Diclofenac Sodium

DICLOFENAC is a non-steroidal anti-inflammatory drug (NSAID). The eye drops are used in the eye to treat swelling after eye surgery. They also help treat pain and sensitivity to light after the surgery. Compare NSAIDs.

Voltaren Gel Latest News

Get the latest updates on this drug from the GoodRx medical team

Is Ibuprofen Bad for My Heart? What You Need to Know About NSAIDs

Dr. Sharon Orrange - July 16, 2015

Update July 2015: The FDA is strengthening the existing black box warning on all prescription and over-the-counter NSAIDs. The current warning has been in place since 2005, but based on a recent review, the labeling will be updated with new information and stronger language. You should know that there is greater risk at higher doses, and there may be an increased risk of heart attack or stroke as early as the first weeks of use. See More

Do Topical Medications Voltaren, Pennsaid, and Flector Work for Pain?

Dr. Sharon Orrange - April 30, 2015

Joint pain from arthritis, an injury, or overuse often requires the use of anti-inflammatory medications. Many people hate taking pills by mouth because they can be hard on the stomach and kidneys. But do the topical options work? What are your options and which is the best?

Non-steroidal anti-inflammatory (NSAID) topical options:

In the United States, three topical NSAID products are approved to treat pain including Voltaren Gel (diclofenac sodium 1%), Pennsaid topical solution (diclofenac sodium 1. See More

Why Are My Eye Drops So Expensive?

Dr. Sharon Orrange - September 25, 2014

The most frequently performed eye surgery in the United States is cataract surgery. After your cataract procedure your doctor will prescribe you several eye drops with the goal of suppressing inflammation and improving pain. Well, those drops may also cost you an arm and a leg. Here is what you need to know.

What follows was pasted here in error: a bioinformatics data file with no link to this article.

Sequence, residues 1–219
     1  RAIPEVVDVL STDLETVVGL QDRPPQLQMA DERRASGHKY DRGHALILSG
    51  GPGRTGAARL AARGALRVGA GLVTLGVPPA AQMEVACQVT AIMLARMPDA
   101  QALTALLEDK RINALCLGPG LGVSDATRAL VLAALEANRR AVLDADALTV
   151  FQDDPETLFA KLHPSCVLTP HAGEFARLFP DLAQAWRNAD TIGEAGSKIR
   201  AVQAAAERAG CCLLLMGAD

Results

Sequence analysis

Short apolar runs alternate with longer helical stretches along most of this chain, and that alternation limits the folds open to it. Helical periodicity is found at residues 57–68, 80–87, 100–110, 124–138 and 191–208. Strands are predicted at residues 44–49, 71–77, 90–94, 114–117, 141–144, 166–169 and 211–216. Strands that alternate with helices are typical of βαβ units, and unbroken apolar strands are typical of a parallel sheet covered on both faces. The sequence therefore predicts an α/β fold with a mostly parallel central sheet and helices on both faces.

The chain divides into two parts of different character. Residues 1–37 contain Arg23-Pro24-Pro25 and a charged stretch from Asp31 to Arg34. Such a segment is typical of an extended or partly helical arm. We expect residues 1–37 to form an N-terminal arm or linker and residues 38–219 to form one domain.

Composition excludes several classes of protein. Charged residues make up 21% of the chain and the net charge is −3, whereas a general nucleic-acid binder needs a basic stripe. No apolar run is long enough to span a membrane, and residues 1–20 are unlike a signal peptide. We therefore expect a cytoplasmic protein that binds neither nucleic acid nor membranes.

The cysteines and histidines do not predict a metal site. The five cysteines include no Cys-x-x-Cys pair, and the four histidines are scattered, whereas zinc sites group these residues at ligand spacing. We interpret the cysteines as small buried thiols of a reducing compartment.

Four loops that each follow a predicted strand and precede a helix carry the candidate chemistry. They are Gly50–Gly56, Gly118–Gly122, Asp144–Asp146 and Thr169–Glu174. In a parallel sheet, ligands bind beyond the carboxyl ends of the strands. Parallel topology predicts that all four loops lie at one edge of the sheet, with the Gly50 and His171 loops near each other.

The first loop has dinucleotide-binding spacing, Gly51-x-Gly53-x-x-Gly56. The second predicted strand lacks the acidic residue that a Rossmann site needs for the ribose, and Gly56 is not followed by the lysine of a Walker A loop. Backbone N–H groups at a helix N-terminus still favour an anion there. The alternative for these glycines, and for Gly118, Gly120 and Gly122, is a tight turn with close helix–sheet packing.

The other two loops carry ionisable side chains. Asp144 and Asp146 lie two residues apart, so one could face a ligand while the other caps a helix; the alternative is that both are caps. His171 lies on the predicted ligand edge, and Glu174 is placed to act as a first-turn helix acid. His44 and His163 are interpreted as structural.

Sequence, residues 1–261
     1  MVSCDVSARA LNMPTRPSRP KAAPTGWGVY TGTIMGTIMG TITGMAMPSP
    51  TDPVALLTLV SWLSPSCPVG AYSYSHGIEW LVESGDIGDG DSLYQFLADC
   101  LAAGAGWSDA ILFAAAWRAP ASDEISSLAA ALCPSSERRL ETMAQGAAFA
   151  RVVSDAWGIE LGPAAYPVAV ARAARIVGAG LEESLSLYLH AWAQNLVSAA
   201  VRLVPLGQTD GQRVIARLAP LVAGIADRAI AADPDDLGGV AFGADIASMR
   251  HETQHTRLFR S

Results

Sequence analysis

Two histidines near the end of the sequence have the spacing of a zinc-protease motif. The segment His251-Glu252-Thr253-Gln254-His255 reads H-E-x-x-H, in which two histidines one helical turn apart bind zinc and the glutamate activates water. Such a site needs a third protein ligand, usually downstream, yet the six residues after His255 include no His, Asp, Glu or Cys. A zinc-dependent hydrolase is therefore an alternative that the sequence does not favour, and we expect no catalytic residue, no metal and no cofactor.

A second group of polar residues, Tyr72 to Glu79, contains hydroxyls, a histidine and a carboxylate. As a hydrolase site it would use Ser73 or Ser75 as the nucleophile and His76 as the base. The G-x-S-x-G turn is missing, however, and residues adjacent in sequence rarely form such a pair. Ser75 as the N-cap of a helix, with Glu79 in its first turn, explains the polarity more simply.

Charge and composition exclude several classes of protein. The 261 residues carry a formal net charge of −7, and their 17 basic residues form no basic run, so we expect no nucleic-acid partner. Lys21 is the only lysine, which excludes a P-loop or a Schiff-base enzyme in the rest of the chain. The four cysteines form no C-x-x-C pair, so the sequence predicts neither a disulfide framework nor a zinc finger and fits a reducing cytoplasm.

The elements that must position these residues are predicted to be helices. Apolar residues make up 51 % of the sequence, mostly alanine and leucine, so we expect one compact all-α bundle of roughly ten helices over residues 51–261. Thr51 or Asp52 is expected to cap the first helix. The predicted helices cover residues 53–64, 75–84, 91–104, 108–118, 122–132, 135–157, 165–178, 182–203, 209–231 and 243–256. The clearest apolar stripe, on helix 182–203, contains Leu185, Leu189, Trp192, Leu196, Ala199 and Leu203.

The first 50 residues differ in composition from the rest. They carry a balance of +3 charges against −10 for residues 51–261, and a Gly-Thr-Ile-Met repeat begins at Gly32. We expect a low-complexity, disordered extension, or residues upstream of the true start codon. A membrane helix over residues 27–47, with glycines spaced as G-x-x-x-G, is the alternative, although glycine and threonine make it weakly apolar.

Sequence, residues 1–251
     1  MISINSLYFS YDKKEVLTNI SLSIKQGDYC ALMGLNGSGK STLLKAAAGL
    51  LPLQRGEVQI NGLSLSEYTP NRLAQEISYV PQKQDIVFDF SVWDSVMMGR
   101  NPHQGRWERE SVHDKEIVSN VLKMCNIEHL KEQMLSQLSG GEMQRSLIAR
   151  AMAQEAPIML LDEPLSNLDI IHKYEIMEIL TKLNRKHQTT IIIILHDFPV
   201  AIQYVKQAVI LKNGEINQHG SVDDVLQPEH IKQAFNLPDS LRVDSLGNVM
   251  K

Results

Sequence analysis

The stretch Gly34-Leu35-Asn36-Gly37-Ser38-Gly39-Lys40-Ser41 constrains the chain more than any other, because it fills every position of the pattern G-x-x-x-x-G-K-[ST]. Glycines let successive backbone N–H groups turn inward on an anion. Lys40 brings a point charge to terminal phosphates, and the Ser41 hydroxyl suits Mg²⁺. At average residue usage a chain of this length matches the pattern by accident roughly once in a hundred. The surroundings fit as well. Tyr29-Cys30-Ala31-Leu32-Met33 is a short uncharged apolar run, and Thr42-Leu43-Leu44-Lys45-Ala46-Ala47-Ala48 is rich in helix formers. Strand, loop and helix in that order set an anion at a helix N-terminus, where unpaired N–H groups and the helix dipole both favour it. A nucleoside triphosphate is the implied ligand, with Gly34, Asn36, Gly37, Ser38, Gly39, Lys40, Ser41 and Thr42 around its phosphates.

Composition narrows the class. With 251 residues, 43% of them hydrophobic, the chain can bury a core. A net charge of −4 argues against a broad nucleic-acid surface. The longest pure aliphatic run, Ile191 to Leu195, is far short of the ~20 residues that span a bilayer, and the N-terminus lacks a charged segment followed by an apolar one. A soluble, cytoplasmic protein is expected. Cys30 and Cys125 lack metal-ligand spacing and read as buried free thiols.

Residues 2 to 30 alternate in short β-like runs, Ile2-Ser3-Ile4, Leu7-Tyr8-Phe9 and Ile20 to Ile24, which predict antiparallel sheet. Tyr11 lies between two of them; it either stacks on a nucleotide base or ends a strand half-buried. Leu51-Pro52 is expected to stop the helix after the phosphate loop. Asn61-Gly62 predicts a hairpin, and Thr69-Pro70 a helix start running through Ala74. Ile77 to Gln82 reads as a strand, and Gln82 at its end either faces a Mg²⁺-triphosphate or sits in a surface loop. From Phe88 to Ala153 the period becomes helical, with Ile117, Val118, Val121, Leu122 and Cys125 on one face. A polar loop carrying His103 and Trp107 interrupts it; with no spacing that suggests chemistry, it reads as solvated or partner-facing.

You may be given at least three different eye drops after cataract surgery, all at a hefty price. See More

Dropped by Insurance: Will Your Pain Prescriptions Be Covered in 2014?

The GoodRx Pharmacist - November 20, 2013

Express Scripts and Caremark have removed certain medications from their formulary starting in January 2014. These companies handle prescription benefits for more than 200 million Americans, so your prescription coverage will likely be changing in the new year.

We’re reviewing which prescriptions will no longer be covered and the suggested alternatives to give you a better picture of your options. Listed below are some changes to the pain med coverage from each formulary that might affect you:


Removed medication: Flector patches   ||   Suggested Alternative: diclofenac, meloxicam, or naproxen

The convenient Flector patch will be an excluded medication as of 2014. See More

Prolensa Eye Drops Are Now Available

Elizabeth Davis - June 05, 2013

After receiving FDA approval in April, Prolensa is now available for the treatment of inflammation and pain following cataract surgery.

There are already several non-steroidal anti-inflammatory (NSAID) eye drops out there for use after cataract surgery, including generics diclofenac sodium (Voltaren) and bromfenac, and brand name Bromday. Bromfenac and Bromday have the same active ingredient as Prolensa, but are slightly stronger (0. See More

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